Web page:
||Hillbillies in the White House
The diary of James Black
Nearly a month had elapsed since I last noted any occurrence. Since then I have been in Randalstown to meet Alexander Mackey about the sale or renting of the mills for a Mr Smith of Stockport near Manchester. Nothing has yet been done in the matter. I was at Liverpool for five days to see business people and look for ships, consignments and orders, without success.
Looked and enquired about a house and lodgings in the neighbourhood; a comfortable house could then be got at £28 per year and taxes about £6, furnished lodgings at £1 per week at Watree and all round the country. Made Lord O'Neill another offer of the mills at £3,500 without a reply. A person in Belfast wants them also the Muckamore
Mill Company. I am as dull as can be and do not know now I am to get along until I hear from Pringle and Short which I expect to do about the 15 October
Thursday. The Millbrook Cotton Company
have been looking at the Randalstown mills.I met one of them in Belfast but came to no decision; I intend to go to Larne tomorrow to see them.
Wednesday. On 31st went to Larne with Archibald Barklie;
stayed with him all night and was kindly entertained. Went
next morning to Millbrook to see Messrs. Giffin Robinson and Co. about the Randalstown mills met Mr William
MacLean, a partner,but came to no decision. I found they wanted only the Cotton Mill with the whole of the water. I made several propositions but fear nothing good will result from them.
The weather has been very wet and uncertain all summer, consequently late harvest; it is now fine and the reaping here going on briskly, crops generally fine.
Saturday.Left Bangor yesterday morning with H. Swan. Stopped at Craigavad and took a cup of tea with Mrs Mitchell; walked into Hollywood and looked at several houses. Saw two opposite the post office half furnished but otherwise neat and comfortable at £6 to £8 for the six months. Got to Belfast at 1/2 past 12 o'clock.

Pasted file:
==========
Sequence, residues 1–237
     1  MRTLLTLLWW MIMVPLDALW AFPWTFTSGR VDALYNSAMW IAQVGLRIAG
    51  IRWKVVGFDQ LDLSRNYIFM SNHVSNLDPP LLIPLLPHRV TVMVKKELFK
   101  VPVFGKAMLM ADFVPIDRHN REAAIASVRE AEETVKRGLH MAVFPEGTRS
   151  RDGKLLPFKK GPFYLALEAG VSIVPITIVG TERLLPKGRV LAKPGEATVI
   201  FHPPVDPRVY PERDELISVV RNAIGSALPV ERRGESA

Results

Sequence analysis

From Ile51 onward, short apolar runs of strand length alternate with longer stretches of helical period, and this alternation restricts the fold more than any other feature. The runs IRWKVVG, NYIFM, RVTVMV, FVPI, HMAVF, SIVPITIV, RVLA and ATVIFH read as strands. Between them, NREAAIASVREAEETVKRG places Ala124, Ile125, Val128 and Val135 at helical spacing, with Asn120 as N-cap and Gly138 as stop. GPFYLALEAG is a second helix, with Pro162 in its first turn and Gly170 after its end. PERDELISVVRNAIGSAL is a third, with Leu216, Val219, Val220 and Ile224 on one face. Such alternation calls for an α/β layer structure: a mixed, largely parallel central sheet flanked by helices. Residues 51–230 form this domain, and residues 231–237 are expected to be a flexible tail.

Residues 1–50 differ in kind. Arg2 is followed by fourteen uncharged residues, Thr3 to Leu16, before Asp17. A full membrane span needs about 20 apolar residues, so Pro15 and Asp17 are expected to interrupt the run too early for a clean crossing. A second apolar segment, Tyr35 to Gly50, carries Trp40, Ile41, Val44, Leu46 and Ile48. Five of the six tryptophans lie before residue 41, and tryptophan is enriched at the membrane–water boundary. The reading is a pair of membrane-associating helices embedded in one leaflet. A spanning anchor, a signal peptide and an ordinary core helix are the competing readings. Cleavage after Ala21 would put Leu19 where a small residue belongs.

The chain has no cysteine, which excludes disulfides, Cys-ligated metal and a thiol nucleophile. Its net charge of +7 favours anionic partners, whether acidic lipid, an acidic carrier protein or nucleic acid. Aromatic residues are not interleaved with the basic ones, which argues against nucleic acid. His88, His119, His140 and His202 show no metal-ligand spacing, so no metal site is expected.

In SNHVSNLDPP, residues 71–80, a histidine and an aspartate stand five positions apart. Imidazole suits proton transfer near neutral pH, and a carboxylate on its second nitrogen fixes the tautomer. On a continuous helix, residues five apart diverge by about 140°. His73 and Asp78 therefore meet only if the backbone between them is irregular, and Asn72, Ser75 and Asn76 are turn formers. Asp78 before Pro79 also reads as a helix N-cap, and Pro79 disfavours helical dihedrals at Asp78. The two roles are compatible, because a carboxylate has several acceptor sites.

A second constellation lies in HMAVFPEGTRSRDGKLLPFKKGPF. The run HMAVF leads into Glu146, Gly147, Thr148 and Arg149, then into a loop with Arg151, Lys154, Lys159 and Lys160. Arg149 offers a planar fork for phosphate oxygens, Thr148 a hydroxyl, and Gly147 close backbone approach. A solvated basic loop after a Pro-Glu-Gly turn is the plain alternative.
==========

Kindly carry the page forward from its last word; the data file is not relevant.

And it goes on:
Saw C.McAuley, Robert Alexander and others on business. Got to Randalstown at 7 o' clock; I had considerable conversation with John Brown, Courtney, Neison and others about the mills etc. Met Mr George Handcock this morning and he advised me to write to Lord O' Neill about the
Ballygrooby tenement and field. Sent a bailiff to McAteer
wishing to see him about his rent and said he would be ejected if he did not pay soon.
Monday.Returned from Randalstown where I met Mr. James Adger and his sons John and James, very fine young men. I went to Ballymena with them. Lunched at A. Gihon's and called with Dr Patrick and went to James Henderson's for tea and got to Randalstown at 11 o'clock p.m. I have
done nothing in the sale of the Randalstown property.
Monday.I got to Hollywood today from Bangor and occupy Mr.
Hodgson's house until 1 May for £10 10s; it is neatly furnished and very comfortable, a good sized parlour,
drawing room, four bedrooms, kitchen, pantry, scullery and nice garden, and a genteel neighbourhood.
I have written to Mr Hancock as agent for Lord O'Neill about the tenement in Ballygrooby without having a reply, which I think strange as it was by his own desire and I only asked £200 for the right the heirs of Wm Dickey had to it.
I am now thinking of a Joint Stock Company for spinning flax with a capital of thirty thousand pounds, in one hundred pound shares; how it may succeed I know not.
Since I last noted I have received reply from Mr. Handcock
saying Lord O' Neill would not give £200 for the
Ballygrooby tenemet.Immediately wrote him requesting to
know what would be given, and he replied through John Brown
for information regarding the rental and tenure to which I replied that my letter of 26 contained all the office required, and gave him a copy of the statement.
Finding no person coming forward as I could wish to take or
buy the mills, I have advertised them for sale at auction on 30th at Hyndman's Rooms. If that fails I may
possibly try the Joint Stock Scheme.
I have a letter today from G Pringle of 12 October stating
great mortality in Charleston, C.S. Simonton was taken off
suddenly; Wm L. Banks had entered into partnership with
the young Simonton's and Mr Pringle had made him my attorney as he was going into the country, and also declined accepting my proposition for future business, but would recommend A Short to accept it on his return from Greenville.
Since I last took note I have written to Lord O'Neill
respecting a watercourse from the Hollybrook tail-race, and to his agent about the sale of the corn mills and kilns, and the tenement in Ballygrooby. To the former I had a reply through Mr. Handcock, saying his Lordship would not allow any cut to be made for water. The latter has not yet been noticed although I had several communications regarding the tenement through J. Brown at the agent's request, and I have understood that £80 would be given for it.
The mills are still on hand; no person came to the auction. Several are still looking after them, T. Hughes, L. Reford, Davidson's Larne Co., and Muckamore Flour Mill Co.What the result may be is uncertain; I am determined to try all schemes to put them in motion. I have submitted a plan of cotton spinning to John Currell and think he would be convinced if his friends would join us.
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